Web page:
EEC Home Find an endangered species Browse the endangered species list
Chinese Giant Salamander
Chinese Giant Salamander
More images: 1 2

Need more Chinese Giant Salamander facts?

Featured Creature
Creature Feature: Whale Shark Whale Shark
Although whale sharks are massive, they are generally docile and inoffensive to humans. Whale sharks are even sometimes nice enough to let human swimmers hitch a ride. Learn more about the Whale Shark.
Join the Featured Creature Mailing List

Would you like to receive a notice and link when the new Creature Feature is posted? Enter your e-mail address below:
HTML   Text-only
Privacy Policy

Chinese Giant Salamander

Scientific Name:
Andrias davidianus

Other Names and/or Listed subspecies:
Andrias davidianus davidianus

Group: Amphibians

Status/Date Listed as Endangered:
EN-US FWS: June 14, 1976

CR-IUCN: 2004

Area(s) Where Listed As Endangered:
Western China

The Chinese giant salamander is the largest salamander species in the world. Adults can grow up to 5.5 feet in length but some can be as small as 1.17 feet. The skin is smooth and thick with black blotches and the main coloration varies from dark brown or black to green with lighter underparts. Its four limbs are short and the tail is usually half its body length. Although this species is totally aquatic, only the larvae have gills which are lost very early in development. After the giant salamander loses its gills, it is able to breathe through pores and wrinkles in the skin. Giant salamanders have poor vision because their eyes are very small and positioned on the top of their flat heads.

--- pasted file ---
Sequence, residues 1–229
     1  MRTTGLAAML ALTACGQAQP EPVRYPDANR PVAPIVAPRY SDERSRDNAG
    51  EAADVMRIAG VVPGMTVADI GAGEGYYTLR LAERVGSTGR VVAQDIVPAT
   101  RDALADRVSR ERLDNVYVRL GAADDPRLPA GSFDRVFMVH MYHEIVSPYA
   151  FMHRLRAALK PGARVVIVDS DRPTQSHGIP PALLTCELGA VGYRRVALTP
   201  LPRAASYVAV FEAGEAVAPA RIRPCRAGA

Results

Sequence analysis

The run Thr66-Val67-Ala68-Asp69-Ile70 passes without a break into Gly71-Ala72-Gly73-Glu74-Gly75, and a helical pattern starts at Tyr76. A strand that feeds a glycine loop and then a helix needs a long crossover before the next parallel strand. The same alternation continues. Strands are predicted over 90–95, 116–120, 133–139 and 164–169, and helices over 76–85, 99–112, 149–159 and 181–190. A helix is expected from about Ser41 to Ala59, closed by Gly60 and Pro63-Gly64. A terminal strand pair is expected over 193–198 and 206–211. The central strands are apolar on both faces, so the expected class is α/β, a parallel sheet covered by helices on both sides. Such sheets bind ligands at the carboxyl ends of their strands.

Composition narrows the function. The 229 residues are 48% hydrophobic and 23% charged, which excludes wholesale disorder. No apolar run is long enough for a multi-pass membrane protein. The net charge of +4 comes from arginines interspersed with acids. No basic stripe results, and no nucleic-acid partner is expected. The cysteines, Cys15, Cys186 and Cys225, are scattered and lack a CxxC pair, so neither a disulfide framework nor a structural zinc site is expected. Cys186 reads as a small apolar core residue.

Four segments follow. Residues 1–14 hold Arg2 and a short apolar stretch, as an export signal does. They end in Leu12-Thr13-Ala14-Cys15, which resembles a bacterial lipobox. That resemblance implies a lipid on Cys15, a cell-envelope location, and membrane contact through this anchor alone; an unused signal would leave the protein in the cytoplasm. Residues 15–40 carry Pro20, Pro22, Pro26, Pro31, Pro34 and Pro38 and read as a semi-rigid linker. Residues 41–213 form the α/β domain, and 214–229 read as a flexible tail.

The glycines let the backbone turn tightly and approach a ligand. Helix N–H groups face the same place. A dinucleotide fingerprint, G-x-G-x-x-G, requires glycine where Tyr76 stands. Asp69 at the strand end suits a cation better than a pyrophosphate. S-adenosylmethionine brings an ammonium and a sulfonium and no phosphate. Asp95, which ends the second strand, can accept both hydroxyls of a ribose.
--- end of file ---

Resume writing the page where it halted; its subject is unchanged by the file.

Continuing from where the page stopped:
This species can be found in cold, fast moving mountain streams where caves and rock moulds are present. They are mainly nocturnal, preferring to hunt at night. Since they have poor vision, they use sensory nodes on their heads and skin to feel the different water pressures as potential prey moves by. Prey is caught by snapping it with the side of the mouth. Diet consists of crabs, shrimps, aquatic insects, fish, and frogs. These salamanders travel upstream to breed in the months of August and September. The males compete viciously until one male is established as the “den master.” The den master is then in charge of overseeing the mating area, allowing females and other males in to spawn. After the eggs are fertilized, the den master guards the eggs for six months. The eggs develop into larvae and are known to hunt and feed in groups rather than individually. Giant salamanders are known to live up to 80 years.

Giant salamanders are threatened mainly by pollution and habitat disturbance/alterance (such as the building of river dams which disrupt the flow of the water where the species is found). They are also illegally hunted for their flesh, which is a delicacy in Asia, and some are caught and sold in the pet trade. The species is protected from international trade, and a protected area was created in Mount Wuyi, China to preserve the species.

Chinese Giant Salamander Facts Last Updated: January 1, 2006

To Cite This Page:
Glenn, C. R. 2006. "Earth's Endangered Creatures - Chinese Giant Salamander Facts" (Online).
Accessed 3/27/2017 at


© 2006-2018 Earth's Endangered Creatures
About EEC   |   Contact Us   |   Disclaimer   |   How to Cite this Page   |   Conditions of Use    |   Privacy/Advertisements    |   Site Map